Q10. How does high intelligence and schooling contribute to each other?

HW #68: Due Date
Rd. Pg.459- Pg.464
Q1. What are the two disturbing but agreed upon facts concerning ethnic similarities and differences?
Q2. Describe some specific examples of intelligence test differences in certain groups
Q3. How is habitability attributed to racial differences in intelligence scores?
Q4. Is the racial gap similarly environmental, and provide an example of individual differences vs. group differences?
Q5. How would social scientists define race?
Q6. Why Asian students outperforming North America students on math achievement and aptitude tests a recent phenomenon?
Q7. Describe the striking results of a national study that looked back over the mental test performances of white and black young adults after graduation from college

HW #69: Due Date
Rd. Pg.
Q1. Describe gender differences in spelling, verbal ability, nonverbal memory, sensation, underachievement, and math and spatial aptitudes Q2. Describe the evolutionary perspective in gender differences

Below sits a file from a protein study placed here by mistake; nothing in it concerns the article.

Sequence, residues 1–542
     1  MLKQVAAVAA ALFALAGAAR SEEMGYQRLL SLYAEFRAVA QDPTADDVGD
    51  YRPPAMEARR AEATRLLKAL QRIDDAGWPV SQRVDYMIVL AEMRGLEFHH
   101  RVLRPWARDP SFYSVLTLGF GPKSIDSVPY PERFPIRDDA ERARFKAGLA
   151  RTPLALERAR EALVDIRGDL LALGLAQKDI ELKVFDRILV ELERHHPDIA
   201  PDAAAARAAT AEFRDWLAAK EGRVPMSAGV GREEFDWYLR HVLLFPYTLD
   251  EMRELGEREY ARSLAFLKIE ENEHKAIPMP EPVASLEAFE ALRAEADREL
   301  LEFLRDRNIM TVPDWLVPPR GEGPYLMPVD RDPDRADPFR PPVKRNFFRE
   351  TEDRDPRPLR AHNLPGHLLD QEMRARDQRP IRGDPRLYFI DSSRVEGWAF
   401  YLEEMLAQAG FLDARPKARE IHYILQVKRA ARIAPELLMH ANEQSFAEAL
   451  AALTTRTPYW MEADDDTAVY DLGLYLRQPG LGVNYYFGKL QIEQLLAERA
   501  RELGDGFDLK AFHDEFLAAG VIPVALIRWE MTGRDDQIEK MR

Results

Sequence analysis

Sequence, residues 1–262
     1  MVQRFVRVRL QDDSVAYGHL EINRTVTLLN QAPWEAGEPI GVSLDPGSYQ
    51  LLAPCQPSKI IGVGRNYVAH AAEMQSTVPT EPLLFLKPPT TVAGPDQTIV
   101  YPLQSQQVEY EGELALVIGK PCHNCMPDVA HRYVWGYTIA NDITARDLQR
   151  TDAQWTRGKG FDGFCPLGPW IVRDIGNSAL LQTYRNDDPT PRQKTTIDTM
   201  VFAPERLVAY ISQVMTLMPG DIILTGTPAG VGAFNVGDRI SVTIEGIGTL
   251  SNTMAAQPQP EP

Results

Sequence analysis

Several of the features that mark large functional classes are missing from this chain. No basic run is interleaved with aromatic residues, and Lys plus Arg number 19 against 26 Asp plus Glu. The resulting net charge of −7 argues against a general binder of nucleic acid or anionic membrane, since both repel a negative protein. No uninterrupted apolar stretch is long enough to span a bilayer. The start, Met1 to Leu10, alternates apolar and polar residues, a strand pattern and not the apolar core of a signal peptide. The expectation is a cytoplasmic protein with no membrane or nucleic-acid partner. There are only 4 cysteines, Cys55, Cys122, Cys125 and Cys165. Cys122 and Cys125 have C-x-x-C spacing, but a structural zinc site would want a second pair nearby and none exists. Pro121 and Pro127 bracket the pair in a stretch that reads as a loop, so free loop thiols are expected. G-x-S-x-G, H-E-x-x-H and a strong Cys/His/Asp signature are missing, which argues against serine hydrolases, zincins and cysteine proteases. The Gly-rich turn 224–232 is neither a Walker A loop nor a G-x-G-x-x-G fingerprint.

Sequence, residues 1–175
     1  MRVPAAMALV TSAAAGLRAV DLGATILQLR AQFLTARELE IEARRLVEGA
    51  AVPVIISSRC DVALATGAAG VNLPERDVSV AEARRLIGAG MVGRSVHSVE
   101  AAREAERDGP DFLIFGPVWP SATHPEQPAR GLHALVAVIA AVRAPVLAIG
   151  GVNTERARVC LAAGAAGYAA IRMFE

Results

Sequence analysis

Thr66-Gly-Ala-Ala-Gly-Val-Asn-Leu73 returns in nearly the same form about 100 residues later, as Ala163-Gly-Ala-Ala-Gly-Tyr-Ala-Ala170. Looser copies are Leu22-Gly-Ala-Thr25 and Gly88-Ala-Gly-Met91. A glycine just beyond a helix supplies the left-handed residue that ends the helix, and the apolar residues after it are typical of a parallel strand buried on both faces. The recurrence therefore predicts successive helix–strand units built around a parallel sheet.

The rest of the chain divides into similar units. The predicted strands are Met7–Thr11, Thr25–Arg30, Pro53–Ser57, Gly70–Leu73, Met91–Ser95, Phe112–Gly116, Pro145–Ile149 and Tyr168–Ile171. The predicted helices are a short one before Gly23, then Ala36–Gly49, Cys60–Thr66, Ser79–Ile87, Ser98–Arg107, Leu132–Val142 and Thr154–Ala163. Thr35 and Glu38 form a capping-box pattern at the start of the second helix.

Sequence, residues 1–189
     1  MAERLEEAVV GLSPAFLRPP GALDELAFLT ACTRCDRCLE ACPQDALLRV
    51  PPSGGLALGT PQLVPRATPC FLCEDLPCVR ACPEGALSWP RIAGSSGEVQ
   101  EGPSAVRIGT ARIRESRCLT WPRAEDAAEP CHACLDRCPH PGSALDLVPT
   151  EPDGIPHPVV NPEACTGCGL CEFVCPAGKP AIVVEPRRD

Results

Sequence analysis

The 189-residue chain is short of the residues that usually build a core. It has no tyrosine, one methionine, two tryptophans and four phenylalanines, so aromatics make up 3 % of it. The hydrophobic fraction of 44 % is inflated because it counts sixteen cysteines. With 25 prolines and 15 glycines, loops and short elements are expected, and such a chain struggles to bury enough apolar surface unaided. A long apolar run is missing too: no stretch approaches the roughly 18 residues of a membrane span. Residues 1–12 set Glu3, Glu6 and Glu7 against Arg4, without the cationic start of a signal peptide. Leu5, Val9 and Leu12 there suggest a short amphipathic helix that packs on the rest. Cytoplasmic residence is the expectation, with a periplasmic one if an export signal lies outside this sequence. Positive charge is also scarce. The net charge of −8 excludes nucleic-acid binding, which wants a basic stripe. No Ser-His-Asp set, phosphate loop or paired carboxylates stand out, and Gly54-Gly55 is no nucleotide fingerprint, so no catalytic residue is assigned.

Q3. Is there a biological explanation to account for the gender differences?
Q4. How do social expectations play a role in shaping boys and girl’s abilities and interests?
Q5. Describe the emotion detecting ability of the women, and how it plays a role in our ancestral past?
Q6. What do the defenders of aptitude testing note about racial group differences?
Q7. Why do psychologists believe that the U.S major aptitude tests are not bias?
Q8. Describe the predictive validity of the SAT?
Q9. How does the stereotype threat describe the aptitude of women and blacks under non-threatening and threatening test conditions? Q10. Why will some students “disidentify” with school achievement? Q11. Are aptitude tests discriminatory? Why?